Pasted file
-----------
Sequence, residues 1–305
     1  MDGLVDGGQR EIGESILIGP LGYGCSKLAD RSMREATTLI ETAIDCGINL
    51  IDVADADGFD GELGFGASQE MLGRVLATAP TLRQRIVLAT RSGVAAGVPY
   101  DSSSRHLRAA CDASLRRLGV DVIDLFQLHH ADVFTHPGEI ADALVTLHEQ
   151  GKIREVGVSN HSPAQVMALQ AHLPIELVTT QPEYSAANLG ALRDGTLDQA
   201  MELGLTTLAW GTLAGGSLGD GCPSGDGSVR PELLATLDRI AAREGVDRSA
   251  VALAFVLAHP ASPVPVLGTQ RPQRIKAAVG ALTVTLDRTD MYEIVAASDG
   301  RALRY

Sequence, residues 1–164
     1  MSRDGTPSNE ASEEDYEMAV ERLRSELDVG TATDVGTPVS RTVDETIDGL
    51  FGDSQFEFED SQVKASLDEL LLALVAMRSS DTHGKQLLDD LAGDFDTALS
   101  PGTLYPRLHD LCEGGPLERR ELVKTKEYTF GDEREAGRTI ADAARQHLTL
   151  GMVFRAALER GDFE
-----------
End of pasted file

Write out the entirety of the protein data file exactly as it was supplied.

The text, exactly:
Sequence, residues 1–305
     1  MDGLVDGGQR EIGESILIGP LGYGCSKLAD RSMREATTLI ETAIDCGINL
    51  IDVADADGFD GELGFGASQE MLGRVLATAP TLRQRIVLAT RSGVAAGVPY
   101  DSSSRHLRAA CDASLRRLGV DVIDLFQLHH ADVFTHPGEI ADALVTLHEQ
   151  GKIREVGVSN HSPAQVMALQ AHLPIELVTT QPEYSAANLG ALRDGTLDQA
   201  MELGLTTLAW GTLAGGSLGD GCPSGDGSVR PELLATLDRI AAREGVDRSA
   251  VALAFVLAHP ASPVPVLGTQ RPQRIKAAVG ALTVTLDRTD MYEIVAASDG
   301  RALRY

Sequence, residues 1–164
     1  MSRDGTPSNE ASEEDYEMAV ERLRSELDVG TATDVGTPVS RTVDETIDGL
    51  FGDSQFEFED SQVKASLDEL LLALVAMRSS DTHGKQLLDD LAGDFDTALS
   101  PGTLYPRLHD LCEGGPLERR ELVKTKEYTF GDEREAGRTI ADAARQHLTL
   151  GMVFRAALER GDFE